As if it wasn’t evident already…what with the LOST fetish, a slightly more advanced knowledge base about Star Wars (original) than the generic 22 year old female, and a desire to know all that is computers and technology at CNET, I’d say that I pretty much nerd out the apartment complex for the median aged 32 year olds (and 2.3 kids).

But my newest nerdy thing is…and don’t say “I didn’t see this coming,” because you totally did…

NPR.

That’s right. Get used to it.

I got some super cool podcasts like All Things Considered and Wait, Wait, Don’t Tell Me ¬†along with a few from non-NPR sites like howstuffworks.com and The Moth. I listened to the JAX NPR today which informed me that in February there will be a special on the early days of surgery…what surgeries were totally botched and how they got to the modern operating table.

Maybe it started with watching a special about Louisa May Alcott (author of Little Women). Or maybe with (begrudgingly) watching Antiques Roadshow with my mom. No es importa.

So now what’s an out-of-the-closet-nerd to do? Embrace it. ¬†Wear spandex around the condo to keep warm and use earplugs at night to block out sound. Listen to NPR on my 6 minute commute to work.

Wait, did I just lose a bunch of friends?

I don’t wear glasses, have a calculator on my person at all times, or headgear at night (does a retainer count?). But my name is Christine, and I am a nerd. So there.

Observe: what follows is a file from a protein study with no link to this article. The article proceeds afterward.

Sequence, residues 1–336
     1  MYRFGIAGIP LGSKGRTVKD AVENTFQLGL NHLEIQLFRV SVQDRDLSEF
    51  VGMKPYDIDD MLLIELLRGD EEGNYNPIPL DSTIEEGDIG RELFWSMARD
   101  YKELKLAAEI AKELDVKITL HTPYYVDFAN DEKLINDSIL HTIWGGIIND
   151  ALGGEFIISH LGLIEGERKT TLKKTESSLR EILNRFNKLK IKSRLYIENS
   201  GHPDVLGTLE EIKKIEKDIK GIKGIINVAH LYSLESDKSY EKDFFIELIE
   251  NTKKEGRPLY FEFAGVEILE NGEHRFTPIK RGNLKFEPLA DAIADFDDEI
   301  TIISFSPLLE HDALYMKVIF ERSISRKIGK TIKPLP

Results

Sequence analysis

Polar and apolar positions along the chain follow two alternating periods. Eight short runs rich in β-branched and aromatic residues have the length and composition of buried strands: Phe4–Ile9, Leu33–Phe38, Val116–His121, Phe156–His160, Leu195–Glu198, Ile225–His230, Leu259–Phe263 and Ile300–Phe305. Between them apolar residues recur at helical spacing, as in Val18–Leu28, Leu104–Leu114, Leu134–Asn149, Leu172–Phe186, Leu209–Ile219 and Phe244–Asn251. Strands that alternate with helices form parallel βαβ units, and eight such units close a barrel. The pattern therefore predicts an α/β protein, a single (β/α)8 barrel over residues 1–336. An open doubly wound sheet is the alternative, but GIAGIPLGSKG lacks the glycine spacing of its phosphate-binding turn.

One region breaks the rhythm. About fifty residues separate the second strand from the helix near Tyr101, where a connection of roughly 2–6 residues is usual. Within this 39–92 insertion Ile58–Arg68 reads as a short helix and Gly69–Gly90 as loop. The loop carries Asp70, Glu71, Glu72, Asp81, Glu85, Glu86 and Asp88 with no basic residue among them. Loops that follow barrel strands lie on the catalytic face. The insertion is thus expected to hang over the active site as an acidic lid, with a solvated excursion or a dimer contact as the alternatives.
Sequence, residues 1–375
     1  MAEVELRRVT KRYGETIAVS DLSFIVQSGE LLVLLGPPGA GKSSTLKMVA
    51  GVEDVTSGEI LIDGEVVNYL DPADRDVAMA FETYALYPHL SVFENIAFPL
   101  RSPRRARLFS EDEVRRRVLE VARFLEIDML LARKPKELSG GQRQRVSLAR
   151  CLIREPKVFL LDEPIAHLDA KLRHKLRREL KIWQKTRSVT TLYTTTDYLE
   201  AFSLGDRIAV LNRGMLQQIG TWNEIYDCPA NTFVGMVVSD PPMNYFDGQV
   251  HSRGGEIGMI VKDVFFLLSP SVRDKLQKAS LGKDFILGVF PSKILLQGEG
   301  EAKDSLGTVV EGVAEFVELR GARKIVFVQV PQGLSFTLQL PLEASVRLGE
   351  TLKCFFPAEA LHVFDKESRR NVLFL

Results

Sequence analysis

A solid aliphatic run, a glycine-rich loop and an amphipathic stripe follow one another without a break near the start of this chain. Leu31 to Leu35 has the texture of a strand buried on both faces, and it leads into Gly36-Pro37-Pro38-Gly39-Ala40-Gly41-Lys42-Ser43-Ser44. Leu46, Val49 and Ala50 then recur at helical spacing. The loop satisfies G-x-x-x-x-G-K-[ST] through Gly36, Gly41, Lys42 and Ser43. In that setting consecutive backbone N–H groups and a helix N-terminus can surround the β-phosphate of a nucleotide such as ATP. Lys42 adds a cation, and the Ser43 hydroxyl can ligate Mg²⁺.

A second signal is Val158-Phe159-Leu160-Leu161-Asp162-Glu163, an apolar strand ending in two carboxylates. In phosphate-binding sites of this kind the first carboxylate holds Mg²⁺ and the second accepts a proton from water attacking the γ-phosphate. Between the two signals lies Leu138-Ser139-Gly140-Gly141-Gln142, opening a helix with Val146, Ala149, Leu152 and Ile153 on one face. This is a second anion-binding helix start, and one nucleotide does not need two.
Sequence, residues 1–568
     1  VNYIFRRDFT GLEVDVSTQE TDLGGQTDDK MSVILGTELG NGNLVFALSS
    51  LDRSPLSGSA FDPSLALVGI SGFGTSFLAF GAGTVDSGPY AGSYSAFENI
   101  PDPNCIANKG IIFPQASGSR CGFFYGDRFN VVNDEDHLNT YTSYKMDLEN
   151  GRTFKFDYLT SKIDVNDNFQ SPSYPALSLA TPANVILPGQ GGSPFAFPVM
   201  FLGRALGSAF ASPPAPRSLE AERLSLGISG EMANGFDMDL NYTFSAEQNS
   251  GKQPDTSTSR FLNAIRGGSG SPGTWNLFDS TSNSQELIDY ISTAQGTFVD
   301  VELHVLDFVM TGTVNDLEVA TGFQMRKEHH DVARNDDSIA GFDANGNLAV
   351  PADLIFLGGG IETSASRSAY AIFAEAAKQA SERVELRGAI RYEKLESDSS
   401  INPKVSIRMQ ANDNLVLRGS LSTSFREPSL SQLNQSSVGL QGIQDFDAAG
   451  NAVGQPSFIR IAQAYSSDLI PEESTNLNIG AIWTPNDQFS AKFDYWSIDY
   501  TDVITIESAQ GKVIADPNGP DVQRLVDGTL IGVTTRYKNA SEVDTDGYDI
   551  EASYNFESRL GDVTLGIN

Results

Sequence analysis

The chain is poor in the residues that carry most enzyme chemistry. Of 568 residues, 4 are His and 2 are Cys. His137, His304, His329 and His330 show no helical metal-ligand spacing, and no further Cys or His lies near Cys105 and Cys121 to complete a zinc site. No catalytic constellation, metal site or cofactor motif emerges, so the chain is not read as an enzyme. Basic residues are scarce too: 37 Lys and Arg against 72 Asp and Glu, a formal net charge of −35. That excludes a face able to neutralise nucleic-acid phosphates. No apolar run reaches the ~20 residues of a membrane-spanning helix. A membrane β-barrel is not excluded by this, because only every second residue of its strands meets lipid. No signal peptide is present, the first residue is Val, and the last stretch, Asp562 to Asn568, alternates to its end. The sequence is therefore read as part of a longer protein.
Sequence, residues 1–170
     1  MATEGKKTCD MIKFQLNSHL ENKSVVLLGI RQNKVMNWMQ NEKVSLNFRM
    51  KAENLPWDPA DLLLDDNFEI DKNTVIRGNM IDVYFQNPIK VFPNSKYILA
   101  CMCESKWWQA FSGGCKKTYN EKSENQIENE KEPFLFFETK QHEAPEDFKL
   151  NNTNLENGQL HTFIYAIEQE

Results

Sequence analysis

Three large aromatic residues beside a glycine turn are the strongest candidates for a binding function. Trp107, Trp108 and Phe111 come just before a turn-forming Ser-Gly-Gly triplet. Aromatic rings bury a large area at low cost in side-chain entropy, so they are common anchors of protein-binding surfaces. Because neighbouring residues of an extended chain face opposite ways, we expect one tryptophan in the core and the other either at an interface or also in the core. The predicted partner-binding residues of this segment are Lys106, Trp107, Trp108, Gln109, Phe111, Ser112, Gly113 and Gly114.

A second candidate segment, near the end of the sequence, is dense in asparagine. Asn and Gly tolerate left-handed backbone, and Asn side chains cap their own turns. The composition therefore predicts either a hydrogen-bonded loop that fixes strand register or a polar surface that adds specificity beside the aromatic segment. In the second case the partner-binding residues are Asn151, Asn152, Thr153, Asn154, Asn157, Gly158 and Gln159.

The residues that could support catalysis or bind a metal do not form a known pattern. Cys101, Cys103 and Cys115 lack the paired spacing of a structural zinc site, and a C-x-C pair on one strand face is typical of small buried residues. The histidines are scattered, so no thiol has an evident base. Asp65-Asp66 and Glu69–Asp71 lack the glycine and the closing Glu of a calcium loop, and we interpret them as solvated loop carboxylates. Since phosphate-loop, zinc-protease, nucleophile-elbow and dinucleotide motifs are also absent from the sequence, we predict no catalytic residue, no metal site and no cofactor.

The Best Thing About Falling Off the Horse…

Occassionally, I’ll have an “eating slip” and it throws me way off. Aka, too many calories, not letting my body tell me when to stop eating, etc. It makes¬†my mind feels all helter-skelter. (Do people even use that term anymore?) First thing I do when this happens is to analyze why this happened, what were the circumstances, and the¬†results of the situation (what I learned from it).

WHY: I was traveling this past weekend to FL and we didn’t really eat regular meals/snacks, (though I did choose healthy options at the restaurants). It really messed me up not being at home and preparing my own meal. Who knew that such a small thing as preparing my own meals could make me feel off key for a few days.

RESULT: Turns out, meals are kind of a big deal. So is eating. And eating right keeps your body and mind feeling good. Think Maslow’s hierarchy, what’s at the base of the pyramid to satisfybasic human needs? Physiological things: sleeping, eating, breathing, etc.

So, really, your meals ARE a big deal. This makes sense as to why I have felt really off yesterday and today.

So, back to the title of the postCan you finish that phrase? Hint: Think optimism…

Belly flopping off the horse

The best thing about falling off the horse…Is getting back up again. My slip-up today can be viewed as a mess up, a time to beat myself up on the treadmill tomorrow to compensate for too many calories, a time to really pound on my body and my emotions…OR it can be an opportunity to analyze what happened, how I slipped, and how I can pick myself up and how I can try again tomorrow. It’s a time of reflection, of breathing in and out, of thanking the Lord for a safe/fun trip, and reflecting on the week ahead of me with my last undergraduate finals.

One of the worst things you can do is to tell yourself ¬†“I’ll start dieting tomorrow” OR “I can cheat today, but tomorrow will be different” and then watch yourself make excuses and NOT DO IT. Or time gets away from you. Or an office party ruins your plans for eating clean. Or you’d rather watch Oprah than go outside and walk.

Want to change? Take proactive movements/thoughts toward that goal. I fell off, but tomorrow I’m gettin’ back up, and ain’t nothin’ gonna stop me.

Baby steps…

One day at a time.

Breathe in, breathe out.